Why You Should Think of Forgiveness as Something You Do For YOU

Trust us.

 timsa/Getty Images

Not forgiving is like drinking rat poison and then waiting for the rat to die.

Anne Lamott, author

Although you may not realize it, grudge-holding is an insidious form of self-sabotage. Forgiveness and letting go of anger, possibly held on to for years after the fact, are tremendous steps toward emotional freedom and personal empowerment. They are acts of self-care. Hurt and anger directed at another or ourselves are psychic blocks. They keep us chained to the event that caused our pain, and they waste precious emotional energy and time. Right about now, you may be thinking, “No way! I will never forgive ______________ for ______________. It was awful and they do not deserve forgiveness!” But hang in there for a moment and let us explain.

Think of forgiveness as something you do for you. It is not about the person who wronged you, nor is it condoning what they did. It’s about unlocking the chains that keep you shackled to both the past and the pain. You may be adamant that the wound you have experienced should not be released without punishment of the transgressor, but, we promise, the only way to find freedom is through forgiveness. You may believe you must cling to your anger and resentment to punish the person who hurt you. But, as Anne Lamott reminds us, the only person you are hurting is you! Take a moment to connect with the resentment you hold for someone who has hurt you. How does it feel in your body—suffocating, constricting, upsetting, anger-producing? By consistently returning to it, you stay stuck in those feelings and re-injure yourself over and over again. In his Psychology Today article, “Chains of Resentment,” Steven Stosny, PhD, founder of CompassionPower, shares how a member of a class he taught described the effects of resentment. “Dragging the chain of resentment through life is like carrying around a bag of horse manure.” Okay, he did not say “manure.” Stosny continues: “You want to smear the bag of horse do-do in the face of the person you resent. So, you carry it around, waiting for the opportunity, and carry it around, and carry it around, and carry it around. And who stinks?”

According to Clifford B. Edwards, author of The Forgiveness Handbook, “Forgiveness liberates you from the oppressive burdens of negative judgments, unresolved emotions, and the chafing restrictions of limiting beliefs from the past. You forgive so that you can be clean mentally and emotionally” — and we would add spiritually to this — “so that you can move forward in your life powerfully, with purpose, clarity and confidence. You forgive so that you can be free, fully self-expressed, and able to achieve your dreams.”

But why, even when we say we want to move on and let go, do we remain stuck? The answer is that we have been trained throughout our lives to hold grudges. It’s a constant theme in our music, soap operas, and films. All children witness their parents, teachers, and friends react to being “wronged” and unwittingly take on their habits. Subconsciously, many of us believe there is some benefit to adopting the label of being the person betrayed by a loved one, cheated out of a promotion, treated unfairly by a coworker, etc. We want everyone to know about it, so we gather evidence and enroll others into our sorrowful story. By showing the world that we were so obviously victimized, we announce to all that we deserve understanding, kindness, or special treatment. This is what we “get” out of the situation. As Alanis Morissette sings in her wonderful song “This Grudge” on her album So-Called Chaos, “This [grudge]—has served me greatly, ever the victim.”(We recommend listening to this song to hear more about how grudge-holding holds us back.)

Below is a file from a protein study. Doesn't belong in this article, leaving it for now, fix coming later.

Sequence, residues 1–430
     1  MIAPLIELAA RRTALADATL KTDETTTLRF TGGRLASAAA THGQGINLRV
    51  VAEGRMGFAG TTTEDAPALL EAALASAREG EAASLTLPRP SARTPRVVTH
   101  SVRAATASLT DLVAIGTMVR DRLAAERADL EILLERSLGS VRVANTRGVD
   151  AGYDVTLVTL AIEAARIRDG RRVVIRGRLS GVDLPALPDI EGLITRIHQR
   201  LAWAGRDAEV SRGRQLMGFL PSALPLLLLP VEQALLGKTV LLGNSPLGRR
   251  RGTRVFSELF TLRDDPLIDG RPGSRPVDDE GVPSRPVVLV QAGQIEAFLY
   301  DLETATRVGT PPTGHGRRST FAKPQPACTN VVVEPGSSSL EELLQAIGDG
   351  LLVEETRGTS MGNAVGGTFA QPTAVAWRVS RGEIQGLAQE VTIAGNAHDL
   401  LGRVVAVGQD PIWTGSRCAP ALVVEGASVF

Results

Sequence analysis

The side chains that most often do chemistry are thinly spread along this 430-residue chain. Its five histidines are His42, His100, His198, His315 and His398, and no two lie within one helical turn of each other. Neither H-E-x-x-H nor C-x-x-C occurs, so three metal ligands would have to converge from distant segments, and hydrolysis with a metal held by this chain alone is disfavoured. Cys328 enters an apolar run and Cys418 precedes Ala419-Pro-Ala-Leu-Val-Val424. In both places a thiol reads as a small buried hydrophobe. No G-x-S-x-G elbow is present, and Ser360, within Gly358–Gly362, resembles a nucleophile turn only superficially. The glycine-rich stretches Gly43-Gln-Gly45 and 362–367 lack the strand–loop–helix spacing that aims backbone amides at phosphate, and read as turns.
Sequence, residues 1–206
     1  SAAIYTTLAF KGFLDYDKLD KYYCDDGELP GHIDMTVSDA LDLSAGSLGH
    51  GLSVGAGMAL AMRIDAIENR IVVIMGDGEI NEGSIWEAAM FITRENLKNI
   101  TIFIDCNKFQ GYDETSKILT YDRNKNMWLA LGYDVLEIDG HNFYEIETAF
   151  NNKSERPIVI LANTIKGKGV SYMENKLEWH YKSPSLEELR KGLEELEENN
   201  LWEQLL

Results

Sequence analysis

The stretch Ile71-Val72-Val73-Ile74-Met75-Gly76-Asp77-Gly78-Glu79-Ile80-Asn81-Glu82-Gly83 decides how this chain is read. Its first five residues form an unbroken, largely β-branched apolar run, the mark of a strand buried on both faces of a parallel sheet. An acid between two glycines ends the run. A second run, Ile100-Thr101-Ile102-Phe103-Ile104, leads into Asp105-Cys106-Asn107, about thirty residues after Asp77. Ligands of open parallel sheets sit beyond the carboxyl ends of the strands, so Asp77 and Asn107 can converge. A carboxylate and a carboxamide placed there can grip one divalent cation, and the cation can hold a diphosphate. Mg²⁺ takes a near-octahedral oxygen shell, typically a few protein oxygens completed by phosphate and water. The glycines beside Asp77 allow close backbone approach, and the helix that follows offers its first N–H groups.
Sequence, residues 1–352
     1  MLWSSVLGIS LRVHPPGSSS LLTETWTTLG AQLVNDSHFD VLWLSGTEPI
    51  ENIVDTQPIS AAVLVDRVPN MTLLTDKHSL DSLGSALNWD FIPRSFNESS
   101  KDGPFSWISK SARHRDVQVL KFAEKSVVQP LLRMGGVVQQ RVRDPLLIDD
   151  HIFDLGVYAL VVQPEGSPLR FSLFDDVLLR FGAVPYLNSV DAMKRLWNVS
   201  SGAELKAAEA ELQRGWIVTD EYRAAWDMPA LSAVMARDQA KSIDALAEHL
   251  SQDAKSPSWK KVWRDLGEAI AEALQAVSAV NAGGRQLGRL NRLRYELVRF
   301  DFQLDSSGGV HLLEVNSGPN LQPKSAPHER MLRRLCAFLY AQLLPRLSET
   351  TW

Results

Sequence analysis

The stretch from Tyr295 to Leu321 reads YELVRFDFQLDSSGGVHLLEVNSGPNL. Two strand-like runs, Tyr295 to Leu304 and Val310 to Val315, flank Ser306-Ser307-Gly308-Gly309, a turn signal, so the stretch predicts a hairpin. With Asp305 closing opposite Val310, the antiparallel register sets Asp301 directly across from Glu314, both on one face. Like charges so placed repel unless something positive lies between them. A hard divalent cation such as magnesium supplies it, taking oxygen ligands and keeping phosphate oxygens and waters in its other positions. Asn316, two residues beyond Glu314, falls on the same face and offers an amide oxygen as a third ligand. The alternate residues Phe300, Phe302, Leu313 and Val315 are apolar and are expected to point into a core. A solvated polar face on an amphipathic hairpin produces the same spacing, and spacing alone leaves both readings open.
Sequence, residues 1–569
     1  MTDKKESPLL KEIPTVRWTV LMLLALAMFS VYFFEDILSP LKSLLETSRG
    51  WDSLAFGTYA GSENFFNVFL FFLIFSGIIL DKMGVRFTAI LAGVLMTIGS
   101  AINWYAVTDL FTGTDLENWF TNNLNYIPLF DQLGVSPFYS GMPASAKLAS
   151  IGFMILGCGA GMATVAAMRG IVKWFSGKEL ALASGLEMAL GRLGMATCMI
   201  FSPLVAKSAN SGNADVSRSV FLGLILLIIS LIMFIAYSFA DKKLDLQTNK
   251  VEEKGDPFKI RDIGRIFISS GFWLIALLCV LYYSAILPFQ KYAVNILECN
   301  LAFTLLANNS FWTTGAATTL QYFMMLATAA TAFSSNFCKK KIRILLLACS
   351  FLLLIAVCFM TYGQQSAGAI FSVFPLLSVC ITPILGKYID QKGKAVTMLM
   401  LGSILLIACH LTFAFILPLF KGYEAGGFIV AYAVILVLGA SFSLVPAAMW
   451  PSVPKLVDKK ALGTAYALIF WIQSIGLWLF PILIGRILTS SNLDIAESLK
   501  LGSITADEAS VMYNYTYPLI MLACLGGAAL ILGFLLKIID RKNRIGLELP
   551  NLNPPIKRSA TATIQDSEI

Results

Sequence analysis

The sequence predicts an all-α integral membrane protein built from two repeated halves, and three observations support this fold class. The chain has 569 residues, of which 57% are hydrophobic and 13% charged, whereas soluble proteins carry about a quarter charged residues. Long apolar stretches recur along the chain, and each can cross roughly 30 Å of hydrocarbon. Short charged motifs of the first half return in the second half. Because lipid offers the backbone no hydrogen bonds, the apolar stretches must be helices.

And you carry around a sack of manure on your back, sometimes for years or even a lifetime. You adopt it as a part of your identity and may even wear it as a badge of honor, proving to the world that you have suffered greatly. The irony is that displaying the evidence of your suffering does not accomplish the goal of making you feel less hurt; the burden you carry only weighs you down. And it grows heavier over time.

Look closely and you will see that grudge-holding keeps you out of integrity. Integrity comes from your heart. Grudges are your monkey at work, filling you with stories of how you have been wronged, continuing the cycle of pain. When you hold a grievance, kindness, understanding, and empathy for others—and yourself—are far away.

Published with permission from Beyond Resistance: Coping with the Stress of the Trump Era.

Share your comments below. Please read our commenting guidelines before posting. If you have a concern about a comment, report it here.

You might also like...

woman under tree

The Power of Forgiveness

by Dr. Lori Ryland

The Power of Forgiveness

by Patti Clark
Learning Forgiveness in Marriage | Pete Uglow

A Heavy Heart: Learning Forgiveness in Marriage

by Pete Uglow

Sign up for the Thrive Global newsletter

Will be used in accordance with our privacy policy.

Thrive Global
People look for retreats for themselves, in the country, by the coast, or in the hills . . . There is nowhere that a person can find a more peaceful and trouble-free retreat than in his own mind. . . . So constantly give yourself this retreat, and renew yourself.


We use cookies on our site to give you the best experience possible. By continuing to browse the site, you agree to this use. For more information on how we use cookies, see our Privacy Policy.